# Harmonic Principles of Elemental Crystals—From Atomic Interaction to Fundamental Symmetry

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## Abstract

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## 1. Symmetry in Crystal Structures—The Past and the Present

## 2. Atomistic Crystal Growth Process

## 3. Pair Potentials and Structural Stability

#### 3.1. Stability of Structural Motifs

#### 3.2. Stability of Unary Structures

## 4. Methods

## 5. Conclusions

“It is the harmony of the diverse parts, their symmetry, their happy balance [...] that permits us to see clearly and to comprehend at once both the ensemble and the details”[39].

## Author Contributions

## Funding

## Acknowledgments

## Conflicts of Interest

## References

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**Figure 1.**Platonic Solids with increasing symmetry, i.e., number of symmetry elements: the self-dual tetrahedron, the octahedron with the dual cube, as well as the dodecahedron with the dual icosahedron.

**Figure 2.**Common structural symmetries of unary phases: body-centered cubic (bcc), face-centered cubic (fcc), simple cubic (sc), and hexagonal close-packed (hcp). Space-filling is realized with distorted octahedra (solid blue) for bcc, a combination of octahedra and tetrahedra (opaque green) for fcc and hcp, and cubes (solid violet) for sc.

**Figure 3.**Atomistic crystal growth process for the first few atoms with structural motifs (upper) and derived crystal symmetries (lower part). Due to their high symmetry, the platonic solids present, with respect to total energy, the most stable cluster motifs with a maximum number of pair potential equilibrium distances (beige sticks), and a minimum of energetically less stable distances (orange, red sticks). After the first atomic pair (orange), the third atom (green) and the forth atom (dark blue) may satisfy equilibrium distances without restrictions forming the tetrahedron motif (opaque green). Limitations of 3D space arise for the fifth atom (light blue), which selects the pyramid or the ditetrahedron according to the specific pair potential. Likewise, the sixth atom (violet) may favor the regular octahedron (blue), its bcc variant, or the prism (opaque yellow). Further structural transformations may occur to the cube (opaque violet) at the 8th atom (yellow), the icosahedron (beige) at the 12th atom (dark red) and the dodecahedron (orange) at the 20th atom (gray). For the last two, the high volume favors centered motifs as well (not shown here). The high symmetric crystal symmetries for unary phases: hcp, fcc, bcc, hp, and sc evolve directly or as combination of the presented motifs.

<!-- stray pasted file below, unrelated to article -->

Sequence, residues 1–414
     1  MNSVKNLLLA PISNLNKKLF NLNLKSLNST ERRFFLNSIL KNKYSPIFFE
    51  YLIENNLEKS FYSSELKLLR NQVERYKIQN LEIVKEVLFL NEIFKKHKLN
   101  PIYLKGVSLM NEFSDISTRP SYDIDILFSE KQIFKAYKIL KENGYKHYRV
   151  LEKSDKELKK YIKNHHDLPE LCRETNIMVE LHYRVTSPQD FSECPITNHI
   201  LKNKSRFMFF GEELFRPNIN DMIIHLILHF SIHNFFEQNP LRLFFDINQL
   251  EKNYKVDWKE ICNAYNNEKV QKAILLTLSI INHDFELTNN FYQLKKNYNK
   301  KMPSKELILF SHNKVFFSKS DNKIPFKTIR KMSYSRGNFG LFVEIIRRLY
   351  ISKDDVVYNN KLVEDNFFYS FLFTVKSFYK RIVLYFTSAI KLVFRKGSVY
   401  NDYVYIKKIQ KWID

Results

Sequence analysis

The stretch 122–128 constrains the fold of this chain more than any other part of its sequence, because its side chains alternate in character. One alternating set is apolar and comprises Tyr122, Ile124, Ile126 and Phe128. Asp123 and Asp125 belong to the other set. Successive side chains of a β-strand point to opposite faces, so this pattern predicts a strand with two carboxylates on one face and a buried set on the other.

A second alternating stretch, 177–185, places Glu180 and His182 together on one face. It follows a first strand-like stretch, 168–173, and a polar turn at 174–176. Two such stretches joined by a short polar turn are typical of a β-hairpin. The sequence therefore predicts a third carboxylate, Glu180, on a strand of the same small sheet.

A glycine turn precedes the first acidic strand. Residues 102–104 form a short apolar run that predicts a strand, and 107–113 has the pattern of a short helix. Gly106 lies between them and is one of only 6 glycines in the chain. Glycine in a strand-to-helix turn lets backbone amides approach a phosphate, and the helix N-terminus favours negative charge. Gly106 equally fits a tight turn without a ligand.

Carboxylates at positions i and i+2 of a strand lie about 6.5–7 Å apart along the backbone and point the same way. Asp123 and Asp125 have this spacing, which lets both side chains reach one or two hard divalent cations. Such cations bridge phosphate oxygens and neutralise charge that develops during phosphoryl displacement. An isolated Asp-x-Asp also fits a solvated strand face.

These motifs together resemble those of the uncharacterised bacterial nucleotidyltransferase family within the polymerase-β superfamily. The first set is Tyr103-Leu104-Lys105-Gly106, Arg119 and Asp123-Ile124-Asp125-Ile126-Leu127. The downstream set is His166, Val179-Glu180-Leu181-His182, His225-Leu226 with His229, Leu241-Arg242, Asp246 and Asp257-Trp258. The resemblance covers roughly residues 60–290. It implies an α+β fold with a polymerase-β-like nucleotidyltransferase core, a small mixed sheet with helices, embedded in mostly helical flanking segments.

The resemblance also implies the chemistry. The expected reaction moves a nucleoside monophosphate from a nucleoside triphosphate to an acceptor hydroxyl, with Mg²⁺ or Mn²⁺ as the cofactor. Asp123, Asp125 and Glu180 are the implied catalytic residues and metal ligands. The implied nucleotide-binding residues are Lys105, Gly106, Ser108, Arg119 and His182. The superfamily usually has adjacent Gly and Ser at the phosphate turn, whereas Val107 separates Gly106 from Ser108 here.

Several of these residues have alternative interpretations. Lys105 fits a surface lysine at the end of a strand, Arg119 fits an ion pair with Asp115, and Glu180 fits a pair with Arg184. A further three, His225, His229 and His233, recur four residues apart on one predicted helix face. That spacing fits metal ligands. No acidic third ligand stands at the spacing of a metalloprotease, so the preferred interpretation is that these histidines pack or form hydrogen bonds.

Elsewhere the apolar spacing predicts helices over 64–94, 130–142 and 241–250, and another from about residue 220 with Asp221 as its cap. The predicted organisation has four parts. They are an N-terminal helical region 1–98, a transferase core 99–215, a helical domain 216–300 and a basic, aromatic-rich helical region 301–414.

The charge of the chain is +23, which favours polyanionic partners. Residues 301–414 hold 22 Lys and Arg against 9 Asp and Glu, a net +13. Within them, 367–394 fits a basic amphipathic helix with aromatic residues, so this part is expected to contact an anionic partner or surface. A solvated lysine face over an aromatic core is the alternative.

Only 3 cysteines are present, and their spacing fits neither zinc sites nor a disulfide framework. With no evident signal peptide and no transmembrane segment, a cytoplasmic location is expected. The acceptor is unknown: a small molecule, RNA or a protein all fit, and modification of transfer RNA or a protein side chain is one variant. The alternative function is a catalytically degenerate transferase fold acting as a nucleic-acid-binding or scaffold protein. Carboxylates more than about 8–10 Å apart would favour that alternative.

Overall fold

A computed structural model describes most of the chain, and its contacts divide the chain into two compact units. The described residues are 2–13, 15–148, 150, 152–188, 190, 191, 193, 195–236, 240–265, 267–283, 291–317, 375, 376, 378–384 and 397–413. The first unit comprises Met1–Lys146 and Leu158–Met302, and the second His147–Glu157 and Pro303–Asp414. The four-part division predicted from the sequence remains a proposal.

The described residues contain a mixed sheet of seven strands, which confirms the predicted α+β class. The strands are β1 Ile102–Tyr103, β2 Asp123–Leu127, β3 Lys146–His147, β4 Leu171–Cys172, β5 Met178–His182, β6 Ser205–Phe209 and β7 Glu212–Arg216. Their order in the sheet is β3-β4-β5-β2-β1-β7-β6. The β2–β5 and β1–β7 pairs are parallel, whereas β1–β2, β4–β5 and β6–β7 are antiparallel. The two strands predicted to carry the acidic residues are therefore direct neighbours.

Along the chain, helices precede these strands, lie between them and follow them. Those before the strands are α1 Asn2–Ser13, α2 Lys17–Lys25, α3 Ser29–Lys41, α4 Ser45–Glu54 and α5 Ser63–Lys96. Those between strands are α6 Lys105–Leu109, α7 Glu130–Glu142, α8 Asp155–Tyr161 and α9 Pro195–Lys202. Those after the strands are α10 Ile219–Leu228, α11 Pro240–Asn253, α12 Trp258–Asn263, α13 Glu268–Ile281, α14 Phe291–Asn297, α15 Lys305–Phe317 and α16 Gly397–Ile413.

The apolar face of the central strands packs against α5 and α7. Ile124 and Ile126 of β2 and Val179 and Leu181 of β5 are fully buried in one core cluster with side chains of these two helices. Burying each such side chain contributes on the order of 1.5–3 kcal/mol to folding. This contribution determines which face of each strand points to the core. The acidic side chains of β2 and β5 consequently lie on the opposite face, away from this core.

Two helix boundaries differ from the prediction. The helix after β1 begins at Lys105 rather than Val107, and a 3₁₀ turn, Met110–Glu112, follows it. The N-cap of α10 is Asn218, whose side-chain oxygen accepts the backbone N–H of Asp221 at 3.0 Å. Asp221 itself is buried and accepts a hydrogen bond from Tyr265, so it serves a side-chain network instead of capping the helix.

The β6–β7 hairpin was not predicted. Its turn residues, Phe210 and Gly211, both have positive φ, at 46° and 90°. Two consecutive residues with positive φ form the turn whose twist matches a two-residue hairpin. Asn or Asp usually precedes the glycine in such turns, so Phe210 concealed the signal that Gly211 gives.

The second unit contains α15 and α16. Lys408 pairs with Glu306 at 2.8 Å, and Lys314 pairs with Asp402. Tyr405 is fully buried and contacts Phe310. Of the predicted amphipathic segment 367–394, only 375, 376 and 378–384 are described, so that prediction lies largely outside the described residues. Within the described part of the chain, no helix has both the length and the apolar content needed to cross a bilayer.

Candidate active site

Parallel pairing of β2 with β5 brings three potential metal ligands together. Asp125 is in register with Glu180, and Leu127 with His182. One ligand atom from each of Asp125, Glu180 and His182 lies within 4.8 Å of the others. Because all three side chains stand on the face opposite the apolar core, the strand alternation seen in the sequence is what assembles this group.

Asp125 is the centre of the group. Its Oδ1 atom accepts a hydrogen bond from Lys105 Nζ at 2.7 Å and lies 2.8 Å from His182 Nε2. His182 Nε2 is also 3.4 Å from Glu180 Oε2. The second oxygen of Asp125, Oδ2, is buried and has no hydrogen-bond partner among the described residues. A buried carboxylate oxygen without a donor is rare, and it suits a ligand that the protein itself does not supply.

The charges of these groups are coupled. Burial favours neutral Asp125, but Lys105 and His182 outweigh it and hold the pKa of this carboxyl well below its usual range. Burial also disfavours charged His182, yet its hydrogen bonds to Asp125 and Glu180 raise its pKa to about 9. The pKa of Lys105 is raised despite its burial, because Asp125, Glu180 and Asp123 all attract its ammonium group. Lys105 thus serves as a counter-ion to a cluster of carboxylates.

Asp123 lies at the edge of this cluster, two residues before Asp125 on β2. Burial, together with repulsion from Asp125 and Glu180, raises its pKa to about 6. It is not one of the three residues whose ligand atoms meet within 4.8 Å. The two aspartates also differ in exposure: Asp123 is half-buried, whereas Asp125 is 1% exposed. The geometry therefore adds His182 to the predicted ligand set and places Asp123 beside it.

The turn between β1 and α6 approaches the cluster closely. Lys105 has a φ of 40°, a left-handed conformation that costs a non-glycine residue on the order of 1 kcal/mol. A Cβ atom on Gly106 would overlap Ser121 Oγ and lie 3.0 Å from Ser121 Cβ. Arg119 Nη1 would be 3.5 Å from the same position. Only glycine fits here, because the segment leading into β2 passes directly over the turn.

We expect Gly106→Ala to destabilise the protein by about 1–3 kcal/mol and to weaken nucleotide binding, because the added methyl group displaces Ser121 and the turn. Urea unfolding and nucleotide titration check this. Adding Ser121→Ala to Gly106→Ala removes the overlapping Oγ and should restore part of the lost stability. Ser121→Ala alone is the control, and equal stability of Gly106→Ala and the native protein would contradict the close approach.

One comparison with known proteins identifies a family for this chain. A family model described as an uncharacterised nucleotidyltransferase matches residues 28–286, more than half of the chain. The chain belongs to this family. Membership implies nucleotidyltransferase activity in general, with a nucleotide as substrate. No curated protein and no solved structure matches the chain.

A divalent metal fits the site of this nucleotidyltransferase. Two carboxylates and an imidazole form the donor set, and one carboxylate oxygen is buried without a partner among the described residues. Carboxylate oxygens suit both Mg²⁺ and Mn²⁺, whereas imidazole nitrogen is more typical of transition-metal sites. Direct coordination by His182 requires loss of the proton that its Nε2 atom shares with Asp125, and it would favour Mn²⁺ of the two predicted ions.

**Figure 4.**Short-range and long-range flexibility of the Modified Morse type potential for four sets of parameters in comparison to the Standard Morse Potential and the Lennard-Jones Potential.

**Figure 5.**Phase diagram depicting the equilibrium lattice symmetries in dependence on the Modified Morse Potential $MM[a,\phi ]$ (uncalculated region in gray). The Standard Morse Potential (blue line) and the Lennard-Jones Potential (point $MM[6,0]$ on red line) lack the flexibility in independent short- and long-range interaction to represent the stable bcc region and to describe the large parameter space for phase transformations (orange and green boundaries).

**Figure 6.**Equilibrium relaxation states of hcp, bcc, and fcc lattices for exemplary pair potentials, namely the Standard Morse $MM[6,1]$, a broad-well potential $MM[4,2.5]$ and an extremely long-range potential $MM[3,0.5]$. The weights of the shell (ball size) within the total energy sum are given up to a contribution of ${10}^{-3}$ energy units per atom. For $MM[3,0.5]$, the significant influence of higher coordination shells forces the first shell to contract even to anti-binding distances.